It's just like the discomfort you would have after any surgery. Taking the measures I described above is usually enough to keep things comfortable.

Getting a dental implant without any additional surgery (such as bone grafting or sinus surgery) usually involves about the same level of discomfort as getting a tooth pulled. More or less. Have a look at getting a tooth pulled.

To re-cap, pretty much all swelling should be gone in 3 to 5 days, and 99% of dental implant pain should be gone in 7 to 10 days.

BUT HERE IS AN INTERESTING SURGICAL FACT. For some reason, it is quite common for the initial discomfort to wear off over 2 to 3 days, and then on the 4th and 5th days to feel MORE pain. It's like it was getting better, and everything seems to be settling down, and then BAM! the pain seems to be getting worse again!

Don't panic. It doesn't necessarily mean that anything's wrong. This is something that happens a lot (but not all the time). The important thing to watch for is ANY SWELLING COMING BACK.

If you feel that there is any swelling coming up again, call your dentist or implant surgeon right away. This could be an infection that needs antibiotics as quickly as possible.

But if there's NO swelling coming up, just a feeling of more dental implant pain than the day before, it's likely to be this surgical phenomenon that we sometimes see around 4 to 5 days after surgery. It's not just dental implants. This seems to happen with ALL types of surgery.

Another important factor in how much dental implant pain you experience is how you tend to heal. Some people seem to heal much more quickly than others. They tend to have little pain or swelling. For these lucky people, implant treatment is frequently very straightforward!

A week to 10 days after you get the dental implant, pain from the procedure should be pretty much settled.


If you are still having significant pain, then there may be some problems.

These may be;

1. A loose healing cap. A healing cap is a small screw that fits in to the top of the implant while the gum is healing. It is removed later on when the crown is fitted to the implant.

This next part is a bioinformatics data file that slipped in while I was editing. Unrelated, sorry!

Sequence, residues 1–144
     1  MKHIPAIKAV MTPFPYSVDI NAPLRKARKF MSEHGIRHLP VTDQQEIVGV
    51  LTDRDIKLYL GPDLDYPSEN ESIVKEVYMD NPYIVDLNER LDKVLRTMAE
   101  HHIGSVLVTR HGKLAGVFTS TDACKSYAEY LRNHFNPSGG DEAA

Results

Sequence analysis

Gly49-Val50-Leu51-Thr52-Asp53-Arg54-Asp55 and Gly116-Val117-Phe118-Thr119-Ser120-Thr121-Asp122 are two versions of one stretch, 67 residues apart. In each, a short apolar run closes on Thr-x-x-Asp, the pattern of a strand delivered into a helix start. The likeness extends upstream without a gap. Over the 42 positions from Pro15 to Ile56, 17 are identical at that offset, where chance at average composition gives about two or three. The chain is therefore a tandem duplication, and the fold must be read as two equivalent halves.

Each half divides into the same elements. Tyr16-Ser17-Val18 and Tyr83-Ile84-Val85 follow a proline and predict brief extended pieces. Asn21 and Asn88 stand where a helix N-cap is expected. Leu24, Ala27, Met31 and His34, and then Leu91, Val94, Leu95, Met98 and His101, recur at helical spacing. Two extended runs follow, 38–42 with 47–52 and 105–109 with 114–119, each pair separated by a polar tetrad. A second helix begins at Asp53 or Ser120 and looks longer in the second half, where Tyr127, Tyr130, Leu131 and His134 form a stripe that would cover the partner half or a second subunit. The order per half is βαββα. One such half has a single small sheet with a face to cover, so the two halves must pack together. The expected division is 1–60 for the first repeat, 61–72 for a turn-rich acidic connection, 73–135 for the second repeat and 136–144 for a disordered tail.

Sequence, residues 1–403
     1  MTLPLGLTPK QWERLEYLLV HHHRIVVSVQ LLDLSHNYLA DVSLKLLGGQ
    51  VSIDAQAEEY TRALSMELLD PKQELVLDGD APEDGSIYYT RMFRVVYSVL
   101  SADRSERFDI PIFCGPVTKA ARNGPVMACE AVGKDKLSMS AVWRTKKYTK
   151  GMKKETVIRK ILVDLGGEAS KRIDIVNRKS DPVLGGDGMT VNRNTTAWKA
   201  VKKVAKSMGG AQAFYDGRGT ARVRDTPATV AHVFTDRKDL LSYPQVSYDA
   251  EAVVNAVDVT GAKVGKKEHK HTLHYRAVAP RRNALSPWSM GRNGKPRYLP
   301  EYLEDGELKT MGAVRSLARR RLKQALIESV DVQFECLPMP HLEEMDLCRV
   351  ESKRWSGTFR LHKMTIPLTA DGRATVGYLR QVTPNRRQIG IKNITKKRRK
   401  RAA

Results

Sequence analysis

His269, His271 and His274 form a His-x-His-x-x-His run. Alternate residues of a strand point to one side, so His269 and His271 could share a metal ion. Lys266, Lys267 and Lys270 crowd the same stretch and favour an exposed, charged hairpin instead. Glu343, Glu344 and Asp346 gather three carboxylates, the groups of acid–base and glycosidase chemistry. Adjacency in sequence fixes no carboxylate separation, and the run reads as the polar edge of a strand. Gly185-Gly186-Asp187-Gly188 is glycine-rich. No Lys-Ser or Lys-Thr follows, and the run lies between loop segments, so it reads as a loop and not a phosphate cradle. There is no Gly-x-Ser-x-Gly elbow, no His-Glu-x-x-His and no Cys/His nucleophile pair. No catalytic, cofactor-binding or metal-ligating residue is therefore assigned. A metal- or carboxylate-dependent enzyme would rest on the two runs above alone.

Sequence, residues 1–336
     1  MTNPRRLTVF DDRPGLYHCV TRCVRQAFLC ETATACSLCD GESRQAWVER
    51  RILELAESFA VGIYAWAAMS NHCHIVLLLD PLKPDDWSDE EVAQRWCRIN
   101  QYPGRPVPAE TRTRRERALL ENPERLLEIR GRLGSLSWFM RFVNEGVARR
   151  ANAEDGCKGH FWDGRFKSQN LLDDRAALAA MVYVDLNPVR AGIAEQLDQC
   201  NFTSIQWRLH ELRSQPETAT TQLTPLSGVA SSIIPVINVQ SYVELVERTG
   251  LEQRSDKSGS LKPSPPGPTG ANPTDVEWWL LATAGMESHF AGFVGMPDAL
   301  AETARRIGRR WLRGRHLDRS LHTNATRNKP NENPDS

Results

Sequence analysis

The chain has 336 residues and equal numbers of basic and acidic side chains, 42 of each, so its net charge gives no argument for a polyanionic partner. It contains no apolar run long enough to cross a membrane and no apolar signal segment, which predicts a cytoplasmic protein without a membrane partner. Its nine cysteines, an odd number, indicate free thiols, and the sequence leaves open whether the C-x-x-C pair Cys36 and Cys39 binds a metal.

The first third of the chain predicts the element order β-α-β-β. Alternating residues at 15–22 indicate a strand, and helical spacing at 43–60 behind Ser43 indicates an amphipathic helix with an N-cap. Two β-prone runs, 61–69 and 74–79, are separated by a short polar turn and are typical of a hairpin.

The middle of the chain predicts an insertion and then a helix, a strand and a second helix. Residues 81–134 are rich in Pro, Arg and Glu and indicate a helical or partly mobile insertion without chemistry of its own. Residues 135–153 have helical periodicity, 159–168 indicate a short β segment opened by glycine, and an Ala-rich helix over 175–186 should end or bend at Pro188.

Dental healing cap, used in my practice

During the healing process, it is possible for the healing cap to work loose. This can irritate the gum and make it sore. Your dentist will remove the loose cap, clean the implant top, and re-fit the healing cap again.

2. A loose implant. In some cases, the implant itself can work loose. There are several possible reasons for this to happen, but the important thing is that it can become painful.

Occasionally, given enough time, the implant may heal into the bone, and settle down. Usually, however, a loose implant must be removed.

You can read more about this at dental implant failure.

3. Infection. This can be an infection of the soft gum around the top of the implant, or a deeper infection in the bone surrounding the implant.

Once possible causes such as a loose healing cap or a loose implant have been ruled out, a course of antibiotics is the next step. Read more about this at the dental implant infection page.

4. Temporary bridge pressing on the gum. Frequently, patients want to have some sort of temporary tooth in the gap while the implant is healing. This can cause what feels like dental implant pain if it puts much pressure on the gum over the implant.

This problem does not usually occur with a "fixed" temporary tooth, such as a Maryland bridge, but it does happen quite frequently if you have a dental flipper tooth replacement. Just leave the flipper out until your dentist can adjust it.

5. "Bone burn". Very rarely, the bone around the implant can be damaged by heat from the drill during the implant surgery. This bone will not heal. It is dead bone. It can be extremely painful. The only answer is to remove the implant and the layer of dead bone, and allow the area to heal up, usually with bone grafting to fill up the space left behind.

This will need to be done by a specialist oral surgeon, so if you got the original implant done at your general dentist's office, he will probably have to refer you to an oral surgeon. This problem is very rare.

As you can see, dental implant pain in the first few days after surgery is pretty normal. After 7 to 10 days, if you are still having significant pain, you should go back to your implant dentist to get it checked. Remember, days 4 and 5 MAY be the worst, but there should be NO SWELLING by that time!